Pythagoras Was a Meanie

Wherein the music of the spheres homes in on a central, perfect note. Or three. I don’t know.


“Hey, hey, hey, hey-now. Don’t be mean; we don’t have to be mean, cuz, remember, no matter where you go, there you are.”

— Buckaroo Banzai

Pythagorean Means

Submitted by: Mohammad S Anwar

You are given a set of integers.

Write a script to compute all three Pythagorean Means i.e Arithmetic MeanGeometric Mean and Harmonic Mean of the given set of integers. Please refer to wikipedia page for more informations.

Example 1:
Input: @n = (1,3,5,6,9)
Output: AM = 4.8, GM = 3.8, HM = 2.8
Example 2:
Input: @n = (2,4,6,8,10)
Output: AM = 6.0, GM = 5.2, HM = 4.4
Example 3:
Input: @n = (1,2,3,4,5)
Output: AM = 3.0, GM = 2.6, HM = 2.2


So before we begin, I have a few observations on the topic of meanness:

  • “Pythagorean” means in the manner of Pythagoras.
  • Which, because there are no less than three variations on the idea of mean we are discussing today, means apparently that he was mean — a real bastard at that, to require three different ways to properly discuss his meanness.
  • I mean, that’s not even controversial: its a sort of middle-of-the-road opinion on the subject. Which sort exactly is a continuing subject for discussion.
  • Whatever, exactly, that means.

Ok, I acknowledge that little poetic flight of fancy was probably neither accurate in any absolute sense not particularly enlightening. Let’s try another approach.

Pythagoras was a geometrician, but he was also among his many talents fascinated by music. As such he spent quite a lot of time focused on vibrating strings, and the relationships of those vibrations to the notes sounded, and the relationships those notes had to each other to build musical scales.

A fundamental notion here is that of an interval: the difference in pitch between two notes. As it turns out, a scale is not best thought of as a series of notes places along a line, subdivided at absolute positions, but rather as an assemblage of intervals between notes that in turn correspond to the vibrational harmonics of a string. For example what is known as a perfect fifth, the difference between the first and the fifth note in a scale, or a C and a G, in the C major scale, is a shortening of the string in a 3:2 ratio. It’s all hideously complicated and I’m not going to even start to explain that any further or we’d be here all night. Suffice to say on a fretted instrument if you manually shorten the string by pinching off the vibrating part the note played will be higher. Exactly where to shorten it to becomes a complex issue, and although we’ve generally decided to look at tonality in a standard way today, that remains largely convention and the matter is hardly settled, because ultimately there is no single correct answer to the idea of being “in tune”.

If we want to place a note mid-way between two other notes, what are we really talking about? Midway on a number line? Midway between the ratios above and below?

This is why Pythagoras ended up with so many ideas of what it means to be mean.

Consider a number line between 1 and 9. Half-way along this line we will have the position 5, and 1 to 5 is 4 units, and 5 to 9 is also 4 units. This is the arithmetic mean, and what we commonly think of as being the average.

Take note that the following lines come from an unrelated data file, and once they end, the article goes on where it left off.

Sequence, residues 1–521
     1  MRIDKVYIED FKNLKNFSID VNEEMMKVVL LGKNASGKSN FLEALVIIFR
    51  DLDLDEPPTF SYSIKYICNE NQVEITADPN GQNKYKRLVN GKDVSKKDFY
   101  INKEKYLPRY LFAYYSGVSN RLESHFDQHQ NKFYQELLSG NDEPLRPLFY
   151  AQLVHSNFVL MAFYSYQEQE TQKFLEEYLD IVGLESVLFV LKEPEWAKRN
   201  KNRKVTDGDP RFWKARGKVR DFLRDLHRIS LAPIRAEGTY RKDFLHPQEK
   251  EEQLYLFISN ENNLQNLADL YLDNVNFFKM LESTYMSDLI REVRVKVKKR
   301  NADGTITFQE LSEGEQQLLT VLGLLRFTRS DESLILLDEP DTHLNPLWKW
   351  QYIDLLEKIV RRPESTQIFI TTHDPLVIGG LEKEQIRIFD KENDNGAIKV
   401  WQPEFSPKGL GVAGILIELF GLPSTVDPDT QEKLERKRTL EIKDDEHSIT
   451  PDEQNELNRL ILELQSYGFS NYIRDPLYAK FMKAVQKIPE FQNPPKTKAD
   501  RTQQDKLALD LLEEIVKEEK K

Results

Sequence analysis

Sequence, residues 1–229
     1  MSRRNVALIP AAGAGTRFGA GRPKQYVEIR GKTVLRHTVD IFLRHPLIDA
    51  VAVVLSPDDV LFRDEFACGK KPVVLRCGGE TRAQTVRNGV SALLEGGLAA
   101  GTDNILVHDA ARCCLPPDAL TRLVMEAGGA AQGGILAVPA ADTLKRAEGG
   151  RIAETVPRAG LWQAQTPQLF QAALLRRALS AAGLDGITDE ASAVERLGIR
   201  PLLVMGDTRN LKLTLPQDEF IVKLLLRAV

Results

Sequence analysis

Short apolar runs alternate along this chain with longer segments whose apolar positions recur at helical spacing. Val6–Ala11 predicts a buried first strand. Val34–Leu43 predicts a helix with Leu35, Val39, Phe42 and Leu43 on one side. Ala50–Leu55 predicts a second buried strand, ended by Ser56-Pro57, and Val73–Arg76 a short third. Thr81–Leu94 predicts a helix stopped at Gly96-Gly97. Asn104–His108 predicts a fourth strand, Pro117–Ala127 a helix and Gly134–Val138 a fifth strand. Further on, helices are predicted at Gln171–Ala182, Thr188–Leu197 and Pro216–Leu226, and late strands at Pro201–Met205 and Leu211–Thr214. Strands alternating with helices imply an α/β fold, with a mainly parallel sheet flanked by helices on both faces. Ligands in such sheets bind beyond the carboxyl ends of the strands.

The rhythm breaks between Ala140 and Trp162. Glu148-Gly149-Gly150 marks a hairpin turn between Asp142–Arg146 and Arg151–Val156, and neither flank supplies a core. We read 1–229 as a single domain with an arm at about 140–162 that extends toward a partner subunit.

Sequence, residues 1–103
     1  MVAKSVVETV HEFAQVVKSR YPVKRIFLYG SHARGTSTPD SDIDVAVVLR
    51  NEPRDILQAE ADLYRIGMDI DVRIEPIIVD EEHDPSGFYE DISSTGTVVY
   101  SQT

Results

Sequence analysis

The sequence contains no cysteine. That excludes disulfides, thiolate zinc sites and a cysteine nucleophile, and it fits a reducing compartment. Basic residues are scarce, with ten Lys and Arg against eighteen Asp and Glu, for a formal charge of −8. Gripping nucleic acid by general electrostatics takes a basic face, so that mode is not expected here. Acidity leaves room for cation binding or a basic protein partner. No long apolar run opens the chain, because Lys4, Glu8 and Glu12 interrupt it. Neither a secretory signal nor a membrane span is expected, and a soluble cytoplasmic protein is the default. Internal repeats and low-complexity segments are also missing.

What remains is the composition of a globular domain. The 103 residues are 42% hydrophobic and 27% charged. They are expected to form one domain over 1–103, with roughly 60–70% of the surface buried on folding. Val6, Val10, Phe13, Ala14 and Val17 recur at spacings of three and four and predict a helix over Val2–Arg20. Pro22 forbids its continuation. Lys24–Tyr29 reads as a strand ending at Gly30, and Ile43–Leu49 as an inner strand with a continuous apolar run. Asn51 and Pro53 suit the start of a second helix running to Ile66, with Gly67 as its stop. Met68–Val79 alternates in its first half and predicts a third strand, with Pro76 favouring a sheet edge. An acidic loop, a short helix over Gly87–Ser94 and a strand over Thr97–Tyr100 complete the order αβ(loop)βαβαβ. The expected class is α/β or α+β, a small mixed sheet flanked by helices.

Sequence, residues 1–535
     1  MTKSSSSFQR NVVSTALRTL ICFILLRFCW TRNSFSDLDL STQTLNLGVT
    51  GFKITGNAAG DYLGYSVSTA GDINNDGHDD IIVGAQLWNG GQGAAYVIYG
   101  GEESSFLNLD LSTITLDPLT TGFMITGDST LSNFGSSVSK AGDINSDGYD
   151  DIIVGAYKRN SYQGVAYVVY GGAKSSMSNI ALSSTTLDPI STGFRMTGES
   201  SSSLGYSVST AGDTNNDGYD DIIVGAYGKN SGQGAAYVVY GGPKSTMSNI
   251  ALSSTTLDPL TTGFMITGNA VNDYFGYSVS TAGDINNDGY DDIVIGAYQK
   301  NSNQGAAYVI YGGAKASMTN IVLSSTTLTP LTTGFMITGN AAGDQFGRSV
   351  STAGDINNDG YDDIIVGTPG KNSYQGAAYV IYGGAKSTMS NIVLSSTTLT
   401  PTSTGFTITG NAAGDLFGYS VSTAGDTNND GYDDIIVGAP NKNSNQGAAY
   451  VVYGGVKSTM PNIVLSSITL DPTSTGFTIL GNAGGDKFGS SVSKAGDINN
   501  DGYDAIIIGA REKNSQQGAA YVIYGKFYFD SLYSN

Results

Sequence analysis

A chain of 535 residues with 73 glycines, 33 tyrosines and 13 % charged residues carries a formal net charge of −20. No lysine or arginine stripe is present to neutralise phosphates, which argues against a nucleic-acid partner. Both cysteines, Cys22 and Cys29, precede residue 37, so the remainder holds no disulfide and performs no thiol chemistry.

However what if we think instead of the intervals between the values. 4 is four times 1, but 9 is two point two-five times 4. If we want the intervals to be the same then we arrive at the mean of 3, as 3 is three times 1, and 9 is three times 3.

This is the geometric mean.

The harmonic mean is arrived at by considering the intervals as ratios taken from the values to the mean: the span of 7.2 from 1.8 to 9 viewed as a fraction of 9 is 0.8. The span of 0.8 between 1 and 1.8 is the same fraction, so 1.8 is the harmonic mean.

This is presented by Archytas of Tarentum as:

the mean when they are such that, by whatever part of itself the first
term exceeds the second, by that part of the third the middle term exceeds
the third

The harmonic mean was coined by Archytas as such because of its apparent musicality in arriving at intervals. The connections, as stated previously, are thick and quite complex, but completely fascinating. For interested parties, here’s one introduction to the dark arts:

Peter A. Frazer The Development of Musical Tuning Systems (2001)



The solutions are straightforward: the arithmetic mean is the sum of the values divided by the number of elements. The geometric mean is the n-th root of the product of the values, with n being the number of elements again. The harmonic mean is a little trickier, being the number of elements divided by the sum of the inverses of those elements.

use List::Util qw( sum product );

sub am ( @list ) {
    return sum( @list ) / @list

sub gm ( @list ) {
    return product( @list ) ** (1 / @list)

sub hm ( @list ) {
    return @list / ( sum map { 1/$_ } @list )

Raku Solution

In Raku we’ll provide a minimal solution and just output a list of the three values as requested: arithmetic, geometric and harmonic.

unit sub MAIN ( *@list ) ;

.say for
    @list.sum / @list.elems,                            ## arithmetic
    @list.reduce({$^a * $^b})  ** (1/ @list.elems),     ## geometric
    @list.elems / ( sum map { 1/$_ }, @list );          ## harmonic

The Perl Weekly Challenge, that idyllic glade wherein we stumble upon the holes for these sweet descents, is now known as

The Weekly Challenge – Perl and Raku

It is the creation of the lovely Mohammad Sajid Anwar and a veritable swarm of contributors from all over the world, who gather, as might be expected, weekly online to solve puzzles. Everyone is encouraged to visit, learn and contribute at

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